Sergeant Morse meets with the family of a soldier who shipped out without telling them.
Morse didn’t know Billy Hart well, but he’d had his eye on him. Hart was from the mountains near Asheville and liked to play the hick for the cover it gave him. He was always running a hustle, Hart, engaged elsewhere when there was work to be done but on hand to fleece the new guys at poker or sell rides to town in his Mustang convertible. He was said to be dealing but hadn’t got caught at it. Thought everyone else was dumb—you could see him thinking it, that little smile. He would trip himself up someday, but he’d do fine for now. Plenty of easy pickings over there for the likes of Billy Hart.
This is sort of a subtle thing. Pretty much all the conflict occurs within the brain of its main character, which makes sense: As gay man in the military, he’s used to repressing parts of himself. His thoughtful, contemplative subconcious is an interesting place to be. Read the story here.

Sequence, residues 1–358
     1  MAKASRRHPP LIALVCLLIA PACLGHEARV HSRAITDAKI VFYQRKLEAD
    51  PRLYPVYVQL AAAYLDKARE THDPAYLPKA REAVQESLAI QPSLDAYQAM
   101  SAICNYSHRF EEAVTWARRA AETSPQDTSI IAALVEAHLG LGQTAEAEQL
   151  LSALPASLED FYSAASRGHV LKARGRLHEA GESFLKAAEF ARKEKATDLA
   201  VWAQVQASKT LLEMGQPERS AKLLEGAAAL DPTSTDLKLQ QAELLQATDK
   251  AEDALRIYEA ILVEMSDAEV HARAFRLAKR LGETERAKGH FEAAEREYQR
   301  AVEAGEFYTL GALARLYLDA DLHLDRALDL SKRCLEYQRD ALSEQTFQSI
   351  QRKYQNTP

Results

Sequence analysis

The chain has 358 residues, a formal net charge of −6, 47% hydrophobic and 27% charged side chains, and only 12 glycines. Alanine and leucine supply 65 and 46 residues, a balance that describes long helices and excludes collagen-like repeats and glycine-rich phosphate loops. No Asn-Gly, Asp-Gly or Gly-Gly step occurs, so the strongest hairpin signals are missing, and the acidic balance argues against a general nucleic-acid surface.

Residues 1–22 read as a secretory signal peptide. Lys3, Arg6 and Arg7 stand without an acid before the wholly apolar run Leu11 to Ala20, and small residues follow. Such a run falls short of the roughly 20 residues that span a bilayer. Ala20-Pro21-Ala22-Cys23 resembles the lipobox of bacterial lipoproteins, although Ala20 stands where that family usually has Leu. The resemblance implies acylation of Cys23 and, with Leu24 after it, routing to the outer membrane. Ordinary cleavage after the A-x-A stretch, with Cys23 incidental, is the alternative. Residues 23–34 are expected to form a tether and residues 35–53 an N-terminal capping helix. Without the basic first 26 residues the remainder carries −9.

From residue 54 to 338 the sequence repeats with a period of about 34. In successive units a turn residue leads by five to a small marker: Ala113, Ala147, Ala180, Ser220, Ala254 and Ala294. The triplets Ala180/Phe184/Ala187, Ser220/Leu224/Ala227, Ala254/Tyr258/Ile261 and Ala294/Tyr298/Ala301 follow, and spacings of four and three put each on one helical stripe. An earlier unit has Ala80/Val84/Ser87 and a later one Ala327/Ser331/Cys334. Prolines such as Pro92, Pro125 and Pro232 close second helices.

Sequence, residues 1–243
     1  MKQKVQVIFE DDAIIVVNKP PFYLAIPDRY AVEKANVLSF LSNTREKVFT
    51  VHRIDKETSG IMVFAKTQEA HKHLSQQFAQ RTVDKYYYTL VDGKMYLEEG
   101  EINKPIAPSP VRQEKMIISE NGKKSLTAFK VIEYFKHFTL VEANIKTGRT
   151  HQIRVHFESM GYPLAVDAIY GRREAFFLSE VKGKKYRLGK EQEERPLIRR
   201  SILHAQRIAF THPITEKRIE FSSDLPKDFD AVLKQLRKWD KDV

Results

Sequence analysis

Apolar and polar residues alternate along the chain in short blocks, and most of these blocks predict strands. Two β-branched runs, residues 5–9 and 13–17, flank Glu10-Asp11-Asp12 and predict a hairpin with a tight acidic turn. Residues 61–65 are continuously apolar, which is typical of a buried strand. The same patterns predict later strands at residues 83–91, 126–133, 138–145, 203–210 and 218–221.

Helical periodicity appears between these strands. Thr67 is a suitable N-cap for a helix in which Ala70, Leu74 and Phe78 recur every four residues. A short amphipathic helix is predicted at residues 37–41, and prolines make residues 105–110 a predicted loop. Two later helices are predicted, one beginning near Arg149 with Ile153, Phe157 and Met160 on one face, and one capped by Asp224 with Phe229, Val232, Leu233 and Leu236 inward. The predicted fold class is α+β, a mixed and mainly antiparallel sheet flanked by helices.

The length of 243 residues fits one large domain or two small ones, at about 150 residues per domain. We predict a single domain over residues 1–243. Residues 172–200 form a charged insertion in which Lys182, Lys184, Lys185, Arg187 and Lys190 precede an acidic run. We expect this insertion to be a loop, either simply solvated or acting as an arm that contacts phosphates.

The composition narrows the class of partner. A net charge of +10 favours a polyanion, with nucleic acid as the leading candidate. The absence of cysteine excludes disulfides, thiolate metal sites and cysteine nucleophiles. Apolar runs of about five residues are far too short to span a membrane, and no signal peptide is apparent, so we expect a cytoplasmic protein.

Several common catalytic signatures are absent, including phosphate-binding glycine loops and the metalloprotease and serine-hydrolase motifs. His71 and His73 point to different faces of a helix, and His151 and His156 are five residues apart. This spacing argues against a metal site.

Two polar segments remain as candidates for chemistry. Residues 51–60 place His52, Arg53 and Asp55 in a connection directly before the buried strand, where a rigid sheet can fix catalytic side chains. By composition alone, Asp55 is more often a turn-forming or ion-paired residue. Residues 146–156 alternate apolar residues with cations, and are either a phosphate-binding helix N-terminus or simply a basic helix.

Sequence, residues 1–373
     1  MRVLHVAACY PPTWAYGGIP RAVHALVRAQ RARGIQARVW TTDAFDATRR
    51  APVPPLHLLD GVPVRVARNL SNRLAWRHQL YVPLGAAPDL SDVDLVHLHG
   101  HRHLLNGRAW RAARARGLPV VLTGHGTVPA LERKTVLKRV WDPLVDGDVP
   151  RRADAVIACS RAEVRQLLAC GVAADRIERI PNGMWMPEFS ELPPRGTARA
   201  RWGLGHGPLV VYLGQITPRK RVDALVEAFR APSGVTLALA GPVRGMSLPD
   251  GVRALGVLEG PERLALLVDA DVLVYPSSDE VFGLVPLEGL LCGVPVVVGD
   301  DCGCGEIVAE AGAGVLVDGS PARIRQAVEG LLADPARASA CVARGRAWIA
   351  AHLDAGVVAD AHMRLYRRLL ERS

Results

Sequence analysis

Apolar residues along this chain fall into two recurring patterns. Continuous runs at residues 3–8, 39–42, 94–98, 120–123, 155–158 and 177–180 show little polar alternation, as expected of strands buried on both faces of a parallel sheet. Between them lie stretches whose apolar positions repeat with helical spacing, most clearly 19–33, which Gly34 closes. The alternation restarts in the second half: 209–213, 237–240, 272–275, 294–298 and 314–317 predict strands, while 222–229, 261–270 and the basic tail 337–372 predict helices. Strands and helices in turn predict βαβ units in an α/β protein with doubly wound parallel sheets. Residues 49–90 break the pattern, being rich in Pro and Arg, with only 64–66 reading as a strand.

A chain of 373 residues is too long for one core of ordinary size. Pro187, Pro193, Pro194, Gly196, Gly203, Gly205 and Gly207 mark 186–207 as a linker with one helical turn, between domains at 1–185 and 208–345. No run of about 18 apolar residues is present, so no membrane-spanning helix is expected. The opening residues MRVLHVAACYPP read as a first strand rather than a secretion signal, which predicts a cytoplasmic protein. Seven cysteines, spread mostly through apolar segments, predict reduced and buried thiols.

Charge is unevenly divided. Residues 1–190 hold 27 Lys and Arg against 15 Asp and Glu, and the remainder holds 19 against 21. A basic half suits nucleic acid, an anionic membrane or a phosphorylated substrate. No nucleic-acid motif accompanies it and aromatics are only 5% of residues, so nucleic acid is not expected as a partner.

Okay, let’s talk about BASS. I’m a big fan of this series because reading good stories is way better than reading bad ones and, from my experience, the Best Americans know how to pick ‘em. Now, I’ve been doing this site for a while, so, in theory, I had a chance to read all of the stories in this anthology when they were first published. Looks like I’ve read five of the 20 reprinted here. Let’s see, there was:
Donna Tartt, “The Ambush” (Jan. 24, 2006): Liked it except for the ending.
Patrick Ryan, “So Much for Artemis” (March 28, 2005): Thought it was “fun.”
Yiyun Li, “After a Life” (Sept. 5, 2005): Liked it.
Nathan Englander, “How We Avenged the Blums” (July 11, 2005): Liked it a lot.
David Bezmozgis, “A New Gravestone for an Old Grave” (Sept. 6, 2006): Thought it was mostly sharp.